Wednesday, March 7, 2018

From Bagley through Todd - Part Two

Note: the first installment in this series was posted at

On April 19, 1856, Albert G. Bagley, the gold pen and pencil manufacturer who was one of the pioneers in the industry through the 1840s, retired and headed west to St. Louis, leaving Henry Harrison Houghton and Charles F. Newton behind to continue the business he had created, under the name H.H. Houghton & Co.  There would be several other partnerships before Edward Todd appeared on the scene in 1870.

H.H. Houghton & Co. advertised heavily in the New-York Tribune at the end of 1856:

Unfortunately, Houghton died suddenly at the age of 36 on October 27, 1857:

Charles F. Newton continue the business himself for a short time thereafter.  He ran identical advertisements through the 1857 Christmas season, changing only the first line to indicate that C.F. Newton is the successor to Bagley, Houghton & Co.

At some point between 1855 and 1860, a man by the name of Keller Kurtz became a traveling salesman for Newton – or possibly for Houghton or Bagley.  Kurtz was a Pennsylvanian who had opened a “Book, Stationery and Notion Store” in Gettysburg in 1847, which he later renamed the “Keller Kurtz Literary Emporium”:

The “celebrated cheap store of Keller Kurtz” had been selling “Bagley’s unequalled gold pens” since the early 1850s:

Kurtz closed his shop in 1855, selling off all the fixtures and squaring away his debts by December 17, 1855:

He also sold his interest in a “boot, shoe, hat and cap” partnership known as Cobean and Paxton at the same time.  By January, 1860, Kurtz was a full time representative for C.F. Newton, when on January 10, 1860, he narrowly survived a brutal robbery in his hotel room in Memphis, Tennessee:

The thief stole a few items at gunpoint, leaving Kurtz tied up in his room, but the perpetrator missed about $2,000 worth of writing instruments in Kurtz’ trunk.  The violent attack made national news, including in Kurtz’ hometown press:

Meanwhile, another character came within Newton’s orbit: James P. Byrne.  After the outbreak of the American Civil War, Byrne began selling “Byrne’s Army and Navy Writing Case,” a writers kit including pens, pencils, ink and paper.  According to this advertisement in the October 29, 1861 edition of the New York Tribune, orders were addressed to J.P. Byrne at 1 Maiden Lane.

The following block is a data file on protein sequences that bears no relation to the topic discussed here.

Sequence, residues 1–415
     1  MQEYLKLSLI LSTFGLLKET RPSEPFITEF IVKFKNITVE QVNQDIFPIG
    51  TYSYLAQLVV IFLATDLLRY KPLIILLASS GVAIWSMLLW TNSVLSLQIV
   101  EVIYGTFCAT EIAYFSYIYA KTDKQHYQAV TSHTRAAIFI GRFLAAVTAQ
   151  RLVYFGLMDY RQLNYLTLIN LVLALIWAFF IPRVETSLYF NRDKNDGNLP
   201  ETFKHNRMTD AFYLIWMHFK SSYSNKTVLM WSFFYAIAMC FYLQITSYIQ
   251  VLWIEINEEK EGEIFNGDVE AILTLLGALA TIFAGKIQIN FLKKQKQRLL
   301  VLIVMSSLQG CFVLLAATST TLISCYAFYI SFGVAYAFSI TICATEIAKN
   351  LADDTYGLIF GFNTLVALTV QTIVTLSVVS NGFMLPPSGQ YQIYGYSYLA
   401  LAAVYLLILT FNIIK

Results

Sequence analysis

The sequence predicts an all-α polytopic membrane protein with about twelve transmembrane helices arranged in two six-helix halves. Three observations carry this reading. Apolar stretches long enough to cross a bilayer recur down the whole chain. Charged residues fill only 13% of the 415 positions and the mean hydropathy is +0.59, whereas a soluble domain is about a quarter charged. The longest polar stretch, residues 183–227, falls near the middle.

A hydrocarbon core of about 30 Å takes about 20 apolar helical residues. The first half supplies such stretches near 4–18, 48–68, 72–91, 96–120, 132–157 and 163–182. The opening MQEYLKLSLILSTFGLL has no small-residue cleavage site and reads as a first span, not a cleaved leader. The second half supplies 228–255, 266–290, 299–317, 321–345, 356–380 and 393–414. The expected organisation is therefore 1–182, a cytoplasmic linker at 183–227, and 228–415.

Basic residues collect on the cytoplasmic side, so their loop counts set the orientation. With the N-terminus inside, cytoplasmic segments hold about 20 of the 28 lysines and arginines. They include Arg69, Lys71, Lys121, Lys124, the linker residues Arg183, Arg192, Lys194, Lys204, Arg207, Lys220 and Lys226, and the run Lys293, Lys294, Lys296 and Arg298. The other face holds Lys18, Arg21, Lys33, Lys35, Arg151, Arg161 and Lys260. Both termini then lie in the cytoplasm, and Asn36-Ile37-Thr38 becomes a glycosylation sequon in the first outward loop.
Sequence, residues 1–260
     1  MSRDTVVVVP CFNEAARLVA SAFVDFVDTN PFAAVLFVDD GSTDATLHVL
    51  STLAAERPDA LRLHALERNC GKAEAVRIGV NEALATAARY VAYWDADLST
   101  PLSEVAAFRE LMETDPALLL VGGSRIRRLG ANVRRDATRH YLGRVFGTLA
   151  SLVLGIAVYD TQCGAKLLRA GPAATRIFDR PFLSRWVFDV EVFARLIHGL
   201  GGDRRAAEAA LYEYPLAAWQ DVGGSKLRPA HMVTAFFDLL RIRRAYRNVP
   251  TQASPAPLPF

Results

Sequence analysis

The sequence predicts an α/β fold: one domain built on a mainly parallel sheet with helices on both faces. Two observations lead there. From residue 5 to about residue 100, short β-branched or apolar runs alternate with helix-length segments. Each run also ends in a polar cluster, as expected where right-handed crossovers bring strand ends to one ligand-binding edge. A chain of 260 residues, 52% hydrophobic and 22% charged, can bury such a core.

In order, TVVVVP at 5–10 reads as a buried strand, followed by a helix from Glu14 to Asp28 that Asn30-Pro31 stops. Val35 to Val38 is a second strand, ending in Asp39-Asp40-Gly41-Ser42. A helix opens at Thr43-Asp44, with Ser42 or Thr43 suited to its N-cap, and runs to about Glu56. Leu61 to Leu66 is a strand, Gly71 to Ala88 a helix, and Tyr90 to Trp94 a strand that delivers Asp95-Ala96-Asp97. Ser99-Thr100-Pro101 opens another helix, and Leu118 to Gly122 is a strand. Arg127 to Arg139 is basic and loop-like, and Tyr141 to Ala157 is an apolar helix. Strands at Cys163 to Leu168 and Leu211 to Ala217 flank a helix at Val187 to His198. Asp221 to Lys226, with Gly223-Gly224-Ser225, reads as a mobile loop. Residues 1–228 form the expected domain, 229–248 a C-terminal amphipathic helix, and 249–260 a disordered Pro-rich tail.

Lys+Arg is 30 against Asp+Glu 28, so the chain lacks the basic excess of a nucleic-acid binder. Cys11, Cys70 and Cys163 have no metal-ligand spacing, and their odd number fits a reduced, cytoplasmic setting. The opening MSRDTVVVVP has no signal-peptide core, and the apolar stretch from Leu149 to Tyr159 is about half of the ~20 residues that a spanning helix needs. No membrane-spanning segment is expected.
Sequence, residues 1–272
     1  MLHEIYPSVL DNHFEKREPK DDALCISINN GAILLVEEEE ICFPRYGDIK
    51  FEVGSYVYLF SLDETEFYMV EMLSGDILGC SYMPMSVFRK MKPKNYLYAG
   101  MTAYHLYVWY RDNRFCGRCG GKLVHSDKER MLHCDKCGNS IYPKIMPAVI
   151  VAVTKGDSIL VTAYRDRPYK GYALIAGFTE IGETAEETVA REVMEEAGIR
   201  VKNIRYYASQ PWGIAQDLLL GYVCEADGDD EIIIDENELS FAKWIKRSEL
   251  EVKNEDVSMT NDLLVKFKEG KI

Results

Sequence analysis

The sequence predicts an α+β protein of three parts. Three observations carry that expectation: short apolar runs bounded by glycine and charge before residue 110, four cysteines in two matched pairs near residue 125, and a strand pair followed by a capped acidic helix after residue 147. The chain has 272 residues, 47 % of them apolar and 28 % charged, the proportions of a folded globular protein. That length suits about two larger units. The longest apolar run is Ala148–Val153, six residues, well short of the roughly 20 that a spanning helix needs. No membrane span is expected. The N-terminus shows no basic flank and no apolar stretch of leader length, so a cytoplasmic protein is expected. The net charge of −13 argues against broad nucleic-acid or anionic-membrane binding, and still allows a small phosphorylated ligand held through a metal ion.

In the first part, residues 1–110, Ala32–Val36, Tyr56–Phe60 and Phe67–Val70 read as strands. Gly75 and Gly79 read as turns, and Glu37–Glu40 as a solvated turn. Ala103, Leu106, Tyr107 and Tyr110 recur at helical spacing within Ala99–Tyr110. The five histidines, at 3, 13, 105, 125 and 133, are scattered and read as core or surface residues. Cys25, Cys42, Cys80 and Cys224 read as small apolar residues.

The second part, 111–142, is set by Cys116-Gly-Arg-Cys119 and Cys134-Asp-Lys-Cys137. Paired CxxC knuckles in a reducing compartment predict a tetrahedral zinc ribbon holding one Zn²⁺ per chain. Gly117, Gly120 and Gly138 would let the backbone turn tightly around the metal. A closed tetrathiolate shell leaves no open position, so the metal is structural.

What’s interesting about this advertisement is that while the address is the same as Newton’s, and as David Moak noted in Mabie in America the firm of C.F. Newton & Co. was listed as early as 1859 at that address in the New York City Directories, there’s no indication here that Byrne was part of the “& Co.”  I believe published accounts of the existence of a firm by that name was Newton referring to himself in the “royal We,” since Newton still appeared to be acting all on his own at 1 Maiden Lane at the end of 1859, as this advertisement from the December 8, 1859 issue of the New York Tribune indicates:

The earliest reference I could find to the formal organization of C.F. Newton & Co. was on January 4, 1861, when a copartnership notice was published in the New York Tribune naming Newton, James P. Byrne and Joseph Moneghan as partners effective January 1, 1861:

On January 1, 1864, Keller Kurtz officially became a partner in C.F. Newton & Co.:

Byrne left at some point during 1864, moving to Chicago to become a partner in Kearney & Co., a publisher, bookseller and stationer in that city.  Byrne is described as having been “for many years a member of the firm of C. F. Newton & Co., of New York,” but we know the longest he could have been associated with Charles F. Newton was five years – and judging from his side business at 1 Maiden Lane selling Army and Navy writing sets, it looks like his connections with Newton prior to 1864 could best be described as fluid.

In light of Byrne’s departure, at the end of 1864, Newton, Kurtz and Monaghan dissolved C.F. Newton & Co., simultaneously forming a new partnership effective January 1, 1865 named Newton, Kurtz & Co.:

Charles F. Newton retired from the firm on May 1, 1867, leaving the remaining partners to recast their partnership under the name of Kurtz & Monaghan:

And at this point – finally – we reach the part of the story that sent me down this rabbit hole in the first place: attempting to learn exactly when Edward Todd came into the picture.

1 comment:

Bob Blackburn said...

And what a rabbit hole it is! Great story and amazing research; thanks for sharing Jonathan...